Delinquencies Decline Across US, Credit Conditions Positive

Delinquency rates are down across the U.S., and small business credit conditions are positive despite several factors weighing on the economy. According to the Main Street Report from Experian and Moody’s Analytics, seasonality boosted small business (100 employees or less) credit in the second quarter of 2019 after delinquency rates had increased for three straight quarters.

Delinquency rates dipped a tenth of a percent in the 31–90 days past due (DPD) bucket in Q2 compared to the first quarter of 2019. Rates in the 91-plus DPD (severely delinquent) also declined 0.11%. Much of this improvement and the positive conditions for small business lending are due to a solid labor market and demand for small business products among other factors, according to the report. However, there are potential issues that could surface in the agri-business industry. Small ag businesses were the only ones to see a rise in delinquency rates in the 31–90 DPD (moderately delinquent) bucket in Q2 mostly from seasonality.

“Counter to the logic for other industries, Agri-business tends to pull back on spending during periods of lower income rather than lean on borrowing,” the report states. “This could mean that ag borrowing will be low for some time as farmers wait for resolutions on trade policy and commodity prices to rise, to get some certainty about their ability to service borrowings.”

The report also broke down delinquency rates across eight U.S. regions. The Far West, Great Lakes, Mideast, New England, Plains, Rocky Mountain, Southeast and Southwest regions each saw a decline in delinquencies in the second quarter of 2019, but not all sectors were equal. Agriculture in the Far West saw increased delinquencies as did mining in the Mideast and Southeast; transportation in New England and the Plains; financial services in the Rockies; and retail and services in the Southwest. The Southwest, however, showed improvement in ag delinquencies, which improved in Q2, down 20 basis points year over year.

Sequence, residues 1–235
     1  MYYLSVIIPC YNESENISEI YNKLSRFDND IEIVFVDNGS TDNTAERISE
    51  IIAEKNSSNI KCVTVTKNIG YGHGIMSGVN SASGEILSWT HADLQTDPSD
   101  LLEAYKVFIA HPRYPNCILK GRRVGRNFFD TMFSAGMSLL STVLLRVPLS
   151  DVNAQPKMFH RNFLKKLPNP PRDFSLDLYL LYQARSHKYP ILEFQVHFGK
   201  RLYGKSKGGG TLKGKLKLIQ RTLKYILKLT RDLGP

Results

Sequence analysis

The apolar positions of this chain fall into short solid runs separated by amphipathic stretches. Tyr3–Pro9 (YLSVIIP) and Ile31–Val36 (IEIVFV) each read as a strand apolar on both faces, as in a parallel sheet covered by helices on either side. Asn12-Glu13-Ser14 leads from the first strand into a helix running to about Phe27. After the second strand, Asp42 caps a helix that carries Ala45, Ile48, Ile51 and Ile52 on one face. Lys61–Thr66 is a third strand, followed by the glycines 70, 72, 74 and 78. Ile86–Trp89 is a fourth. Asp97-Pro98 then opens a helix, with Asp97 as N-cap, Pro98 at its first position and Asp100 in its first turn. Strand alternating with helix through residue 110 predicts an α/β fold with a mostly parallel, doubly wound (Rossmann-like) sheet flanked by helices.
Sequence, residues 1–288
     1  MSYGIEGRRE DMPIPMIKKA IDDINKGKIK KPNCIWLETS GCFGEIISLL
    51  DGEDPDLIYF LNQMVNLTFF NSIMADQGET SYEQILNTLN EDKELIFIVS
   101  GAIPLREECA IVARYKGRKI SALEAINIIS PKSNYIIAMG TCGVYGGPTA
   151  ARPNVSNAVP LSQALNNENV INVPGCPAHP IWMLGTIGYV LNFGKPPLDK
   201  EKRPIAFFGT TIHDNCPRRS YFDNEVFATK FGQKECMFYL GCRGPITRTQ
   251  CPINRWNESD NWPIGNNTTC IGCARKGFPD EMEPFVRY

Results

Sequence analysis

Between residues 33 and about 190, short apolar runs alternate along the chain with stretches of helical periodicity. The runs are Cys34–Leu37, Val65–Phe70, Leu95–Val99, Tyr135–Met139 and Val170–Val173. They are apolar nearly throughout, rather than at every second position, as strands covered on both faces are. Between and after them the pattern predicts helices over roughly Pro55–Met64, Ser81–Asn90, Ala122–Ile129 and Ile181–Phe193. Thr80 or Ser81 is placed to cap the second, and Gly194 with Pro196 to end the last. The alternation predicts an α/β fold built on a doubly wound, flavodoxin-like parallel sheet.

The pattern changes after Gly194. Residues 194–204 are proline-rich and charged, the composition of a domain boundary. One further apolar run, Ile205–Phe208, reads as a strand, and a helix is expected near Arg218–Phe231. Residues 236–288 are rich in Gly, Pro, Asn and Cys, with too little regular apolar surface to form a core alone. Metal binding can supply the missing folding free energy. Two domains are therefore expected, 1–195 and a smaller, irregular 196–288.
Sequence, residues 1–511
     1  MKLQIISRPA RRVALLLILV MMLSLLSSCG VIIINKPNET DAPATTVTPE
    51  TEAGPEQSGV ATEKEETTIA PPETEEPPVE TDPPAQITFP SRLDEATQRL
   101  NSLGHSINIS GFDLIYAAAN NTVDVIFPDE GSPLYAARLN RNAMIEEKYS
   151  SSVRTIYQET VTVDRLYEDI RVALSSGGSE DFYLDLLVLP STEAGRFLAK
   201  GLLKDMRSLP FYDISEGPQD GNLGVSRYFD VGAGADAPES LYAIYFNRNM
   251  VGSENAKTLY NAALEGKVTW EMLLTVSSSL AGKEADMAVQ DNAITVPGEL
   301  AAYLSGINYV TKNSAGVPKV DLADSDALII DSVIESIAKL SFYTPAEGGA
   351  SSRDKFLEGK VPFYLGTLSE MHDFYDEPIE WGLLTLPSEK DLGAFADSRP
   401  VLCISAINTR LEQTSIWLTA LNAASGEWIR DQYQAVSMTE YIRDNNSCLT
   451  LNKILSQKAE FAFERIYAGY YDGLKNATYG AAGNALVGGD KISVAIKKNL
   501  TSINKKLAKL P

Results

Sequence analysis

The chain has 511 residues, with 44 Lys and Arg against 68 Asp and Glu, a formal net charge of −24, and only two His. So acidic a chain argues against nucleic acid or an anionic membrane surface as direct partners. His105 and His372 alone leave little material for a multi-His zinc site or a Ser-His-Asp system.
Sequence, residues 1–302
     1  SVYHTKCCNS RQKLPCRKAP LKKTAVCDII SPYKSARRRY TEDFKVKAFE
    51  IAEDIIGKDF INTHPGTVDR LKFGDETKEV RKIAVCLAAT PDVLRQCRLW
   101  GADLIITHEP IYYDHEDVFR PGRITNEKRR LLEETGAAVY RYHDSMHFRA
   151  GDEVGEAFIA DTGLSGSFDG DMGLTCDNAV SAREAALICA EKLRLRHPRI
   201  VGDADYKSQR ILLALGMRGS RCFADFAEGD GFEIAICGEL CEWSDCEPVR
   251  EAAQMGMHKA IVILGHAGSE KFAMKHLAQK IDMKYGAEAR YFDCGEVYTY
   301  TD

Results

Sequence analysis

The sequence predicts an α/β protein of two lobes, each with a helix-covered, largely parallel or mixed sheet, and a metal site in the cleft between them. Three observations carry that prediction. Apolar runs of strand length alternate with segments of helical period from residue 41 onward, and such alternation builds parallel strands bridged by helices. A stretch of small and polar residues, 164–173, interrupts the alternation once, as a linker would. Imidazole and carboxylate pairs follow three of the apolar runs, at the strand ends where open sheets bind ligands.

Bankruptcies inched upward in Q2 to “a healthier rate” than that seen when it was a tad lower. It is predicted that when firms exit the market new ones come in—growth since Q4 of 2018 shows—and continue to seek credit, which ultimately leads to increased balances.

“Overall, small businesses continue to display little to no signs of broad based weakness,” states the Main Street Report. “What weakness exists is fairly well confined at either the regional or industry level, and the solid performance that has been the norm for the last several quarters looks set to continue.”

—Michael Miller managing editor


FCIB Summit
Connect With Someone Who Could Impact Your Career

FCIB’s International Credit & Risk Management Summit in Hamburg, Germany, provides an opportunity to learn and grow with like-minded people and industry peers. Be a part of it and hear from the presenters about new techniques and technology while also taking advantage of the many opportunities to ask questions and build on discussions. In the expo, learn about products and services that support your profession by speaking with exhibitors and asking questions about industry trends and today’s business climate.

Strengthen your career and your company by attending this year’s International Credit & Risk Management Summit in Hamburg.

Learn more and register at www.fcibglobal.com/summit-home.html.

Hong Kong’s Unrest and its Impact on Creditors

Protests continue in Hong Kong as citizens speak out against the Chinese government, demonstrations that have been taking place for several months. As the government and its citizens fail to compromise, streets and airports remain flooded with protesters, upending the usual way of life in order to make a difference.

The demonstrations affect several assets of domestic and global life, but the protests also extend to the supply chain for business-to-business creditors. Political upheaval shifts the level of risk a country has, which makes extending credit to customers in these countries a precarious practice. 

According to the most recent FCIB International Credit & Collections survey of Hong Kong, during July of 2019, fewer creditors extended credit to customers in Hong Kong, and the majority favored zero- to 30-day terms, followed by 31- to 60-day terms. During October 2017, 86% of respondents said they would extend credit, versus only 78% opting to extend in July 2019. Payment terms saw one of the most dramatic spikes, with 35% of terms in October 2017 favoring zero- to 30-day terms versus July 2019’s 61%.